This week I had the task of starting up a new WordPress site for a start up wedding industry company. Since I like tinkering and wanted more experience working with AWS tools, I decided that would be the perfect place to host it. Shared hosting is boring and I’ve set it up multiple times before. Hosting one small WordPress site using an entire machine is probably overkill, so I decided to make use of Amazons new Docker service, ECS, and set up a container I could start on a machine. Having no experience with Docker or with launching a WP site in AWS, here is how I got the site running and somewhat optimized. This may be a little naive, but it was a great learning experience. This is not a step by step guide, but a general idea of what it takes to actually get a simple blog running in a complicated infrastructure.
AWS EC2 Container Service (ECS)
Recently Amazon launched their new ECS service that allows you to run multiple docker containers on a cluster of EC2 instances and they manage it all for you (kind of). Sounds like a good use of resources, especially for a small WordPress blog that might not draw a lot of traffic. Sounds promising.
When you first visit the ECS console you are presented with a nice quick setup wizard. The wizard walks you through creating a task, a service, and spinning up an EC2 instance along with some IAM roles and a load balance. This is nice way to start off without knowing what’s happening in the background. What it’s really doing is setting up a CloudFormation stack that includes the resources you need to get running and play around with the features. Pretty nifty, but I have not been able to get back to the wizard unless I deleted my entire cluster, so it seems it’s a one shot type deal and then you are on your own to create new cluster.
A task definition is a collection of containers that work together to do some work and complete an action. Once the task is setup, you cannot modify it or delete it. The only thing you can do is to create a new version of the task that modifies the previous. A little annoying if you are experimenting, but it is a new platform.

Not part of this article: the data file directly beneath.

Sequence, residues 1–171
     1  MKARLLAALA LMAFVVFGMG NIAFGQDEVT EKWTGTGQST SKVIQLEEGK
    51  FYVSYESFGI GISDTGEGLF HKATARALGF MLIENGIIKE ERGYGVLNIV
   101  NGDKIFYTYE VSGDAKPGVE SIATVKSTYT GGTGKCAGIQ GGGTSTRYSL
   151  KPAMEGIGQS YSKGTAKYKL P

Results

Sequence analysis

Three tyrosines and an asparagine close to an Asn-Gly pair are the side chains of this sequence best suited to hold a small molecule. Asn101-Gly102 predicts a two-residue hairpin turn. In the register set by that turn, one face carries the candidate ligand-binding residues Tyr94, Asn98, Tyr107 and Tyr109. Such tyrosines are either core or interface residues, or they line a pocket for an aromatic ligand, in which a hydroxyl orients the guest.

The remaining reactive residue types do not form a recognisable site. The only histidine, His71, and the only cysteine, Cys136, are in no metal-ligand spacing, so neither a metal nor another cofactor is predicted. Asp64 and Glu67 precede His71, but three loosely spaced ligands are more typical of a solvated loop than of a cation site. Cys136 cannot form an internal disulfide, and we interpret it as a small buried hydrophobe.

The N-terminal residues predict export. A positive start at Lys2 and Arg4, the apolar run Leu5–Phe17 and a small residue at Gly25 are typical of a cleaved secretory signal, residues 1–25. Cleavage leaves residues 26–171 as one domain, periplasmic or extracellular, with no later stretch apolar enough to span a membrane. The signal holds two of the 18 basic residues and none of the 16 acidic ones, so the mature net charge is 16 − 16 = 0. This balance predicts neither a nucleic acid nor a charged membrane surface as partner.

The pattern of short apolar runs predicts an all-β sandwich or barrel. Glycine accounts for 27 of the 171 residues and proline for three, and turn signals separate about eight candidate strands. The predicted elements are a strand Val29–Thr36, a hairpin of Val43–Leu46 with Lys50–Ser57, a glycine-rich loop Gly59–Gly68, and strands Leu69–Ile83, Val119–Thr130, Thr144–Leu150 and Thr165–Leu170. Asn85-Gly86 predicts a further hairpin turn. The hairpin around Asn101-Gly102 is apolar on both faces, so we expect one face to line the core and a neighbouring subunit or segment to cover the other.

A cluster is a collection of services, tasks, and ECS instances. A service lets you run and maintain running a specific number of tasks on the cluster. You can also run a task once, or schedule task to run on regular bases. But for the purpose of running WordPress we will need to use a service to keep the WordPress task running.
So the first thing that we need is to build or find a docker container that will allow us to run our site. I found a ready WordPress official install to experiment with here. The container lets us set up all the variables we need to run the blog in the ECS cluster.
So docker containers are not persistent and the data they contain will be gone in a blink so we need to set up a few things to make it persist. Fortunately AWS provides all of these tools for us.
First set up a MySQL database and database user to have a place to store the data. We will also need to set up a place to store and serve the content from, but I’ll get to that later.
Defining WordPress task
The first thing to do is to define a task to run the container. Go to the ECS Console / Task Definitions and create a new task and enter the definition in JSON:
1 2 3 4 5 6 7 8 9 10 11 12 13 14 15 16 17 18 19 20 21 22 23 24 25 26 27 28 29 30 31 32 33 34 35 36 37 38 39 40 41 42 43 44 45 46 47 48 49 50 51 52 53 54 55
This will define one container running WordPress that will connect to a defined
RDS MySQL database with the user/password combination you created previously. It
will also set up a persisted data volume that will map the WordPress installation
/ecs/webdata/wordpress path on the EC2 instance. That way the data will
persist between the container being stopped and started. So that’s the definition
for the container.
Creating ECS Cluster